I Waited Too Long to Apply for Asylum in the United States: Can I Apply for Asylum in Canada?

The Safe Third Country Agreement between the U.S. and Canada says that (with some exceptions) you can apply for asylum only in the first country you arrived in.

By , Attorney · Temple University Beasley School of Law

One question that comes up from foreign migrants who entered the United States fleeing persecution, but weren't able to apply for asylum within the one-year filing deadline bar (or didn't know they had to is the following: If I've lost my chance to apply for asylum here, what about applying for asylum in Canada?

The United States and Canada have an agreement governing situations like this, called a Safe Third Country Agreement. We'll describe its basic provisions here, and whether it might help someone who can no longer apply for asylum in the United States.

What the Safe Third Country Agreement Says About Asylum Seekers Who Lived in the U.S. Then Go to Canada

This agreement provides that migrants must apply for asylum in whichever of the two countries they arrive in first, either the United States or Canada. So the short answer is "No," one cannot give up on the U.S. asylum system and head for Canada to apply.

There are, however, many exceptions to this agreement, including for:

  • applicants who have ties to family members holding legal immigration status in Canada
  • unaccompanied minors, and
  • people who have a valid visa with which to enter Canada.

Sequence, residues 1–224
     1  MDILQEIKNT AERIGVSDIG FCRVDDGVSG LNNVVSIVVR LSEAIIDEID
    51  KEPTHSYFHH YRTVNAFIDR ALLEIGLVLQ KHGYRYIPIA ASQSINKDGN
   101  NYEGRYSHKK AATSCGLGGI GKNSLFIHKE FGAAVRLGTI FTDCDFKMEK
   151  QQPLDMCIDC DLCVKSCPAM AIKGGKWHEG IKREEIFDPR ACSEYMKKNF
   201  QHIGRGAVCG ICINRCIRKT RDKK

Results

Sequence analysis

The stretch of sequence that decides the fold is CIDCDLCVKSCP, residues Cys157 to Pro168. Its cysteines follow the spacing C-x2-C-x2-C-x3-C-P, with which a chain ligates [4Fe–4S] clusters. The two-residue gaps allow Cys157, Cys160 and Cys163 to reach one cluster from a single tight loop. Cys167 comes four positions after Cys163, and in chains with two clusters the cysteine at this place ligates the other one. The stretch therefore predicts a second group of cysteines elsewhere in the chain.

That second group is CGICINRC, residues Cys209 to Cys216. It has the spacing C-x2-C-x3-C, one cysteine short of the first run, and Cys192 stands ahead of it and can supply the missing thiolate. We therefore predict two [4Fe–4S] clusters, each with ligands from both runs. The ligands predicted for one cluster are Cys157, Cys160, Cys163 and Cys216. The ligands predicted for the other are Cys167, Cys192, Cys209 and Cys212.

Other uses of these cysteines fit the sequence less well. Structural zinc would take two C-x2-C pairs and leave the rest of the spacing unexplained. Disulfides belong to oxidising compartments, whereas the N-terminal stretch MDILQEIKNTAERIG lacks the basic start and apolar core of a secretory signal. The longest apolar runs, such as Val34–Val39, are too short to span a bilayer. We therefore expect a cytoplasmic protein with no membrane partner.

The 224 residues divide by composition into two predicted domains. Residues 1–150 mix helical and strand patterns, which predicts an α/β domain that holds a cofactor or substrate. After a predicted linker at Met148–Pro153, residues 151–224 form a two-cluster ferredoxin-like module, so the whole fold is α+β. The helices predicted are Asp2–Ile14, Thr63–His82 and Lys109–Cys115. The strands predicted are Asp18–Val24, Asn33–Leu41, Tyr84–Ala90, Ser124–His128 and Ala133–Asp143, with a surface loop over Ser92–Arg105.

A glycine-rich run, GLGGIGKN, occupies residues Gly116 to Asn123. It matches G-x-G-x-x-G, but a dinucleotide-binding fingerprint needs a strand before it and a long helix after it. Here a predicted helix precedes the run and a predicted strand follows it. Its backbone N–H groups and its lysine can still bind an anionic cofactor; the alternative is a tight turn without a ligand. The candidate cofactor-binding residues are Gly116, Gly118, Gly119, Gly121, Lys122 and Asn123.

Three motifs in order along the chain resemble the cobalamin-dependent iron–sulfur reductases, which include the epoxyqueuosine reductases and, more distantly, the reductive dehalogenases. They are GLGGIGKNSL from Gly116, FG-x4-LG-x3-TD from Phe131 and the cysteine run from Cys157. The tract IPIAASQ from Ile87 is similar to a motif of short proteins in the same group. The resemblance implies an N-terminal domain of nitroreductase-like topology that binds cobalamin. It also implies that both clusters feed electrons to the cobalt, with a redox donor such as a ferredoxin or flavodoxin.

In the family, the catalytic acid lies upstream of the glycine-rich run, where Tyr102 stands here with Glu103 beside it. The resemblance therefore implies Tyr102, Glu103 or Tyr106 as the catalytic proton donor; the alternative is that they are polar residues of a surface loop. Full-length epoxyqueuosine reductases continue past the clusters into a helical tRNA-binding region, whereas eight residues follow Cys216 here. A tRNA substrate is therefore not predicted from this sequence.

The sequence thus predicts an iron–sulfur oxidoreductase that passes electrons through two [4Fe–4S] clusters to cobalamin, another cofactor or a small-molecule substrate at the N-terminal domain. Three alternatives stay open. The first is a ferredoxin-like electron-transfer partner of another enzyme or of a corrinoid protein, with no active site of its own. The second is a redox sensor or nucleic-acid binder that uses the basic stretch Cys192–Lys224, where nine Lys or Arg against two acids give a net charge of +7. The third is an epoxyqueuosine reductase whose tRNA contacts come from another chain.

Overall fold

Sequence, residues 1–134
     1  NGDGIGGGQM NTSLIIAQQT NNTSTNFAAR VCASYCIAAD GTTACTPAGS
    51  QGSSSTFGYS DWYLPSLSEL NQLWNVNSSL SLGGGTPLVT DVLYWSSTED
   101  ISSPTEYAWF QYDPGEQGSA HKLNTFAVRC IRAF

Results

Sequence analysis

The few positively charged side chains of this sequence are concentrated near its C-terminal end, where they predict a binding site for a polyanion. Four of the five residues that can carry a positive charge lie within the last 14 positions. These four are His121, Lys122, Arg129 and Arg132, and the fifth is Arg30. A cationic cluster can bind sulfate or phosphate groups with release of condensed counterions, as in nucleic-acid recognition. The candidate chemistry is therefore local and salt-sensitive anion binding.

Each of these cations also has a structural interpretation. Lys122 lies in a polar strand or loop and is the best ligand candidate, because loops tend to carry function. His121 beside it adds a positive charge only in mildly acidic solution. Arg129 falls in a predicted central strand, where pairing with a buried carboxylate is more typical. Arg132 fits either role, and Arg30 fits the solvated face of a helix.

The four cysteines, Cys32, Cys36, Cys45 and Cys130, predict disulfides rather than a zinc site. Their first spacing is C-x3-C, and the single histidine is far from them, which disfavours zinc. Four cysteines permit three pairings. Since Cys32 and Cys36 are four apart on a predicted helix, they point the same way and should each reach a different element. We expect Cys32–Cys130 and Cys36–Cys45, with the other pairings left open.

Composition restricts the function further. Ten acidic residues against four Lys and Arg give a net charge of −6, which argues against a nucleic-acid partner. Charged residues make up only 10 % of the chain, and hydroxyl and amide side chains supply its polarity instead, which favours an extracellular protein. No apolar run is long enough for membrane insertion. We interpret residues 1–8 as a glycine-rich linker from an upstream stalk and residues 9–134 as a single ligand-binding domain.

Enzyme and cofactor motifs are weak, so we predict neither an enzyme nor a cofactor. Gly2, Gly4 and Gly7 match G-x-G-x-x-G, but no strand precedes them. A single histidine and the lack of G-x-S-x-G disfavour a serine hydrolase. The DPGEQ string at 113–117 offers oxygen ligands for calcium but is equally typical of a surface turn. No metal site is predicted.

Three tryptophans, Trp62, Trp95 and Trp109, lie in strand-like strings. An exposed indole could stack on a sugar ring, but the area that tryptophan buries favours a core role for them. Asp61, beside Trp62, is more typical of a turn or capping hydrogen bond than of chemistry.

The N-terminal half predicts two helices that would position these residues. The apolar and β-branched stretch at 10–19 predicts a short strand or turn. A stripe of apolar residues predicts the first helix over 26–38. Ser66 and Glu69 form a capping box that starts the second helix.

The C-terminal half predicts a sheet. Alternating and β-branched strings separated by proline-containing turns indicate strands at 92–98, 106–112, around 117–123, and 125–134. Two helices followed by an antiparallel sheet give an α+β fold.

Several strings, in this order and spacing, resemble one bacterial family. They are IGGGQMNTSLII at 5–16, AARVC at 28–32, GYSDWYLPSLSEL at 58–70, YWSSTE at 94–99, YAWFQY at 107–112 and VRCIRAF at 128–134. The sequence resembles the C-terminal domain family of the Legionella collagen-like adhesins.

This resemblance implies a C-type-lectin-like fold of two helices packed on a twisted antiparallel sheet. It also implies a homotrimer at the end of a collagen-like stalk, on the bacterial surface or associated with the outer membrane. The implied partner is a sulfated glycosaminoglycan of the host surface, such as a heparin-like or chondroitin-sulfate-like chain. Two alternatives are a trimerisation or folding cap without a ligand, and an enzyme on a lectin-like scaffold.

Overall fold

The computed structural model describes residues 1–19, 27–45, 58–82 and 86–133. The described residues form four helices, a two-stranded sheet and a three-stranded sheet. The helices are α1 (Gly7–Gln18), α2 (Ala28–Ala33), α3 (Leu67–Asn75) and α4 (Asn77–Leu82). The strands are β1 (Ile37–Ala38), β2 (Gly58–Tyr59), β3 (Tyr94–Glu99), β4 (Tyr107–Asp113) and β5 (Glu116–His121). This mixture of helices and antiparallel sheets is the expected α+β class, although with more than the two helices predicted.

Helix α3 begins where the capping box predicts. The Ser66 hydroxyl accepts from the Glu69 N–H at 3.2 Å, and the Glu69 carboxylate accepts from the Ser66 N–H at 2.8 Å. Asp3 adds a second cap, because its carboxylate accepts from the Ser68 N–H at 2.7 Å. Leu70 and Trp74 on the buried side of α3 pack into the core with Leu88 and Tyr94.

Such persons might be exempt from the Safe Third Country Agreement and be allowed to seek asylum in Canada.

Would an Exception Allow You to Apply for Asylum in the United States After the One-Year Filing Deadline?

Before determining that the U.S application route is impossible, you might want to investigate whether you fall into an exception allowing for a late application for U.S. asylum, as described in Can I Still Apply for Asylum After the One-Year Filing Deadline?

In brief, you would need to show that a changed circumstance, either in your personal life or in conditions in the U.S. or in your home country, led to your eligibility for asylum, and that you filed within a reasonable time after the circumstance occurred or after you learned of it.

Getting Legal Help

Consider consulting with at least one experienced immigration attorney—perhaps one in the U.S. as well as one in Canada—before deciding how to proceed, and to learn the latest with regard to the Safe Third Country Agreement. Once you leave the United States, you could be subject to a three- or ten-year bar on reentering, depending on how long you have been in the U.S. without lawful immigration status. Also see How to Get a Lawyer to Represent You Pro Bono (Free) in Immigration Court Removal Proceedings (which contains tips for immigrants who aren't in deportation proceedings, as well).

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